Written by: BL on 20/01/2012 00:22:43

It hasn't exactly been making headlines everywhere, but certainly 2011 saw the rise of more and more bands fusing metalcore with a more technical, progressive metal, and a lot of djent-y goodness (I know people dislike this term djent partly thanks to Periphery finally breaking out of the super underground). Bands like Volumes, Elitist, Structures, Northlane are but a few of the newcomers all part of this new movement along with probably one of the latest entry of the year, ERRA. "Impulse" is the debut album for this Alabama five piece. It's remarkably well put together, polished, varied and versatile enough to compete with many similar releases, but the thing I like the best about it is just how different all the influences are that I can make out. ERRA don't just rely on their own style of Meshuggah djent taste, there are little hints of technical death metal, melodic hardcore/metalcore like Misery Signals or For The Fallen Dreams and even tiny bits of post-hardcore in the vein of bands like Saosin and Secret & Whisper (which they actually admit themselves).

Of course I'm not saying that ERRA sounds outright like any of their more unusual influences since their basic style is still progressive metalcore, but ERRA shows off their various influences organically - by that I mean everything blends in surprisingly well without making a blurried mess. The opening song "White Noise" is but a little taste of what ERRA has to offer, it gives off a real spacey vibe with ringing guitars throughout complemented with surprisingly technical but memorable rhythms, but best of all there's some super catchy choruses with the addition of some decent clean vocals. Guitarist Jesse Cash has a soft and high pitched singing style that seems a bit unusual for metalcore of this kind and found more commonly in modern post-hardcore (like the names I've said), which I can certainly dig at least. Having said that not everyone will like his angelic voice since it's certainly a very different feel from lead vocalist Garrison Lee's powerful but harsh and guttural screams. The sheer abrasiveness of the screaming with the clean vocals created an addictive contrast at least for me though, and the instrumentals underneath them are so well constructed as to always make the vocals feel at home - swinging back and forth from gorgeous melodies to utter devastation with ease.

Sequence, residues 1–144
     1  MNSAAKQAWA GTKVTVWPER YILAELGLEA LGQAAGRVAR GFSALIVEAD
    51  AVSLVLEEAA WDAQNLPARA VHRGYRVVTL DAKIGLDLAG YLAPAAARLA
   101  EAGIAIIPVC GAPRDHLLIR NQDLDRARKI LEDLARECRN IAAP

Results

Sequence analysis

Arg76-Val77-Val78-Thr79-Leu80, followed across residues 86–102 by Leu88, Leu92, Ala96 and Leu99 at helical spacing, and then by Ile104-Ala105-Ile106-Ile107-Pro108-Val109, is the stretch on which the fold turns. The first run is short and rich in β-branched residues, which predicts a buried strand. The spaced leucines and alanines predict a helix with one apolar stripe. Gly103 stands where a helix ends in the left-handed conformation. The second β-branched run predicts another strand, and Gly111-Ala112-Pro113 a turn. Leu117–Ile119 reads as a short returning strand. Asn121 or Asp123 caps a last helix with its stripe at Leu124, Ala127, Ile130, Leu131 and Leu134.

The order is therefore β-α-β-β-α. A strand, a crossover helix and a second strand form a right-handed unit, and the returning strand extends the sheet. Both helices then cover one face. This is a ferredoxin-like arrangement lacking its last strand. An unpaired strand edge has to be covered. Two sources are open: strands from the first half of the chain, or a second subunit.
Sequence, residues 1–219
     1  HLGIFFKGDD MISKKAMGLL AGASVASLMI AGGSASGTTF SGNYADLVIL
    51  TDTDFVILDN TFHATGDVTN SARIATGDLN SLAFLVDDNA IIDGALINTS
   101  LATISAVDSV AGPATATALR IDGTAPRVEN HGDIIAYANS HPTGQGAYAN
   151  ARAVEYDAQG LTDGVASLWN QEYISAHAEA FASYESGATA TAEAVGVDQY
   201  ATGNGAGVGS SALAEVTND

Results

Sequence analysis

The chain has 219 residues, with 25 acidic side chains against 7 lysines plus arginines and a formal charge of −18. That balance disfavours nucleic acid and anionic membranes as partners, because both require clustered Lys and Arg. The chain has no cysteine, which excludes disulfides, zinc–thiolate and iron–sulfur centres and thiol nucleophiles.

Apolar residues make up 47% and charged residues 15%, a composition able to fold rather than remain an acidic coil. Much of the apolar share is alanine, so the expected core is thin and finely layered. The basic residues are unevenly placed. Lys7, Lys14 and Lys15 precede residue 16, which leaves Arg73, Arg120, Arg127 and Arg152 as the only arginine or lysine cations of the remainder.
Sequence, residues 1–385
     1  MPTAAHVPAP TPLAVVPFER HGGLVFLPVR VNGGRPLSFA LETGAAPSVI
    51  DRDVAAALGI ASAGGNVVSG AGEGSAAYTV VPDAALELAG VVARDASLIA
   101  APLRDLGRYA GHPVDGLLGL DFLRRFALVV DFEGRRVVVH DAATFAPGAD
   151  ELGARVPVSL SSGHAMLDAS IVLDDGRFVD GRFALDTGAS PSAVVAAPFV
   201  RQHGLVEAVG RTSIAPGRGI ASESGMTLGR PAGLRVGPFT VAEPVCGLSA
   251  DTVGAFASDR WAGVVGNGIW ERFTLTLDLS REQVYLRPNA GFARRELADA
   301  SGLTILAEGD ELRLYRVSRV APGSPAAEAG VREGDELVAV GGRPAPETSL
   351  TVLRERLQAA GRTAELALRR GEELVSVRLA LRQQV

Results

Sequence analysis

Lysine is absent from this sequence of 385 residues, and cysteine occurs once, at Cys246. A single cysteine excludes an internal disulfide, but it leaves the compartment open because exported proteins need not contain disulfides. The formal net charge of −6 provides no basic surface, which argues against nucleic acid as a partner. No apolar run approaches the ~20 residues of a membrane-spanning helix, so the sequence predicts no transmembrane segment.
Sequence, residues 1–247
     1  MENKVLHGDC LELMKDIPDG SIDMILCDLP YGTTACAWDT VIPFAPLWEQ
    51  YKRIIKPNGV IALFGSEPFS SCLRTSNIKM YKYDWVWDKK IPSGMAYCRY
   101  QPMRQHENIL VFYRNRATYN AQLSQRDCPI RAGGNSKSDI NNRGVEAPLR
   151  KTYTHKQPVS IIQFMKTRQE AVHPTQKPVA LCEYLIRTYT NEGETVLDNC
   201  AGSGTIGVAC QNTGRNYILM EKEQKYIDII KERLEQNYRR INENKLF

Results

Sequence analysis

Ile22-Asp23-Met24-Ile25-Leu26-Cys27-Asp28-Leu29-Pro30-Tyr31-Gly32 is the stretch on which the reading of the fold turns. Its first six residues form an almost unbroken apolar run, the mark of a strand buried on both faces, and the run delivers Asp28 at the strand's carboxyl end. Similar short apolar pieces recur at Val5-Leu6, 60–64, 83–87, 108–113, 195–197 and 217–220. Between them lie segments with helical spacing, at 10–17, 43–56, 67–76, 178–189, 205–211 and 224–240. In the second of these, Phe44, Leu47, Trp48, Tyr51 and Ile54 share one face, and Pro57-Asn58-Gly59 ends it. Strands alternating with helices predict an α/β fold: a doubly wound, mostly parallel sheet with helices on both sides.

Don't worry about expecting the singing all the time if you aren't into them as I may be, they appear only on certain songs. One of the best songs on the album "Seven" has no singing for example but instead has plenty of good melodic guitars in both leads and rhythms and some nice usage of samples and keyboards. While "Vaalbara" uses decent tempo changes, appropriate amounts of skull bashing heaviness and technical guitar wizardry to impress. On the flipside, tracks like "Heart" and closer "Render The Void" benefit massively from the inclusion of clean vocals because the melodic aspects feels so much more developed alongside just the cool heavy sections - the conclusion on "Render The Void" particularly is one of the defining moments of the album - rising and rising until it fades away into the stars. Elsewhere there's just an abundance of engaging and captivating hooks throughout, whether it being the clever way melodies jump in and out of "Architect" or "Efforescent"'s massive closing portion which is just a delight with lots of tapped guitars. And despite ERRA's best efforts of making "Obscure Words" so punishingly devilish using blast beats, layered screams on top of barrages of cascading riffs, they still manage to squeeze in some enjoyable melodic lead guitar play, it's like they can't stop themselves.

"Impulse" manages to give long time metalcore enthusiasts like me in general a more positive outlook for the future. It's a big record with big sounds, big production, and big on all things I can like but most important of all feels like it's bringing in something a just little bit new (not entirely of course), which I think the metalcore genre desperately needs one way or the other. It helps too that ERRA does all the usual aspects well and keeps unnecessary filler down to a minimum. What I enjoyed the most overall was the intensity of the lows and the heartwarming sensation of the highs not to mention the overall slick technical level of execution of it all. I'd probably hesitate to say it's definitely the best thing I've heard all year round, but it's certainly gets close.

Download: White Noise, Seven, Architect, Render The Void
For the fans of: Periphery, Misery Signals, For The Fallen Dreams, Saosin
Listen: Facebook

Release date 30.11.2011
Tragic Hero Records

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